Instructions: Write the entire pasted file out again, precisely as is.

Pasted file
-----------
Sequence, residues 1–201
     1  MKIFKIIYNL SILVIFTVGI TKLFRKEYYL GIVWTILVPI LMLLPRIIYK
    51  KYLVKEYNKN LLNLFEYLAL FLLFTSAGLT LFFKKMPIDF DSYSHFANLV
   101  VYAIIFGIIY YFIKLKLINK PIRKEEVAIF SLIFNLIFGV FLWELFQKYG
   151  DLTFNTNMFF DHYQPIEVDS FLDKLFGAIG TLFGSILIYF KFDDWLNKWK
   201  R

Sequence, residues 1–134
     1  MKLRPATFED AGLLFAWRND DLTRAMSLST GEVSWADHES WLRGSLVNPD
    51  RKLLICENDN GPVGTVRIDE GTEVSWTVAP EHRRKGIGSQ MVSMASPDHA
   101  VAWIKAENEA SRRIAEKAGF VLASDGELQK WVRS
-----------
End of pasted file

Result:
Sequence, residues 1–201
     1  MKIFKIIYNL SILVIFTVGI TKLFRKEYYL GIVWTILVPI LMLLPRIIYK
    51  KYLVKEYNKN LLNLFEYLAL FLLFTSAGLT LFFKKMPIDF DSYSHFANLV
   101  VYAIIFGIIY YFIKLKLINK PIRKEEVAIF SLIFNLIFGV FLWELFQKYG
   151  DLTFNTNMFF DHYQPIEVDS FLDKLFGAIG TLFGSILIYF KFDDWLNKWK
   201  R

Sequence, residues 1–134
     1  MKLRPATFED AGLLFAWRND DLTRAMSLST GEVSWADHES WLRGSLVNPD
    51  RKLLICENDN GPVGTVRIDE GTEVSWTVAP EHRRKGIGSQ MVSMASPDHA
   101  VAWIKAENEA SRRIAEKAGF VLASDGELQK WVRS